University refuses to address controversy

Rutgers Quietly Removes "No Such Thing as Free Speech" Line After Outcry

Image Credits: Facebook/Rutgers University.


Rutgers University has quietly removed language from an online guide for students which asserted that “there is no such thing as free speech.”

Last week, Campus Reform revealed how the university’s ‘Bias Prevention and Education Committee’ had published a guide advising students on how to avoid committing “bias incidents.”

“Think before you speak; There is no such thing as “free” speech. All speech has a cost and consequences,” the guide stated.

The university also encouraged students to anonymously report “bias incidents” if they involved, “[v]erbal, written, physical, psychological acts that threaten or harm a person or group on the basis of race, religion, color, sex, age, sexual orientation, gender identity or expression, national origin, ancestry, disability, marital status, civil union status, domestic partnership status, atypical heredity or cellular blood trait, military service or veteran status.”

After refusing to comment on the Campus Reform article, Rutgers removed the line without addressing the innumerable other news stories that drew attention to the controversy in the first place. The university’sFacebook page instead features a post about how “Rutgers has been named among the Top 25 LGBTQ-friendly universities in the nation.”

The language caused an outcry given that universities are supposed to be the very institutions where free speech is nurtured and encouraged.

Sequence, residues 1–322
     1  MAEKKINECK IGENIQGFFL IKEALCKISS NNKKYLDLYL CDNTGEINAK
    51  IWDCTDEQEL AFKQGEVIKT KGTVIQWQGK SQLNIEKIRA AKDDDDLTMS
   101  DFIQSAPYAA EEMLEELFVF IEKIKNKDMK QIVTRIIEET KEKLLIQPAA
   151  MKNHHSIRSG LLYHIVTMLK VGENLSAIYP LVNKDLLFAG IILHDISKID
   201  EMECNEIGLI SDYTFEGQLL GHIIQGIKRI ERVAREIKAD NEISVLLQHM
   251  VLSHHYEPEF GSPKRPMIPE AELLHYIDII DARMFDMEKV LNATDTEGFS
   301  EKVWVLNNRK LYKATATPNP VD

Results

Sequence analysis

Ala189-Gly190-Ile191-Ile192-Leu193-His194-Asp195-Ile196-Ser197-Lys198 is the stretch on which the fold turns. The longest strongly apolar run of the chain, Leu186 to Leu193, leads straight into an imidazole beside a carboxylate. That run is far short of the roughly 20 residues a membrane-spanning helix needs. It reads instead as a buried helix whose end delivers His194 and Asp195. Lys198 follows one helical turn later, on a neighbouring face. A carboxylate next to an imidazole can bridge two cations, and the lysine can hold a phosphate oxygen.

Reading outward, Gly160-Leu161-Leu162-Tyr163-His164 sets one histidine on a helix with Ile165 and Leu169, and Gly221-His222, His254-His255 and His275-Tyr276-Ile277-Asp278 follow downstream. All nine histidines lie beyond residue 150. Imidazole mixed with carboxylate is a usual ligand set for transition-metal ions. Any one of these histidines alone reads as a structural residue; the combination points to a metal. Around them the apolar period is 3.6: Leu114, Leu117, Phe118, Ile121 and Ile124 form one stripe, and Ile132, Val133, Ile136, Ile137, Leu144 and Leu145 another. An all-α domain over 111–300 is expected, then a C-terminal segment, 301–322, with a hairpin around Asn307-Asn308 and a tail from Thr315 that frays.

“Rutgers defines bias so broadly that all kinds of clearly protected speech would likely trigger an incident report and subsequent investigation by this Orwellian committee,” wrote Reason’s Robby Soave.

As we have exhaustively documented, guidelines on behavior and speech being provided to both teachers and students at colleges across the country are emphasizing political correctness at the expense of free expression.

A “Bias-Free Language Guide” posted on the University of New Hampshire website which made headlines last month asserts that the word “American” is “problematic” because it “assumes the U.S. is the only country inside [the continents of North and South America].”

Other discouraged words and phrases included, “obese,” “normal,” “mothering,” “fathering,” “homosexual,” “illegal alien,” and “senior citizens.”

Last month we also reported on how the University of Wisconsin (Stevens Point) was teaching faculty members that all manner of harmless behaviors and phrases were examples of “racial microaggressions.”

Examples included; Asking someone where they are from or where they were born, telling someone they speak good English, telling someone that you have several black friends, saying that you’re not a racist, and complimenting an Asian person by telling them they are very articulate.

The biggest gay rights lobby group in the United States also recently called on schools to eliminate “gender stereotypes” by training staff to avoid using the words “boy” and “girl” in class.


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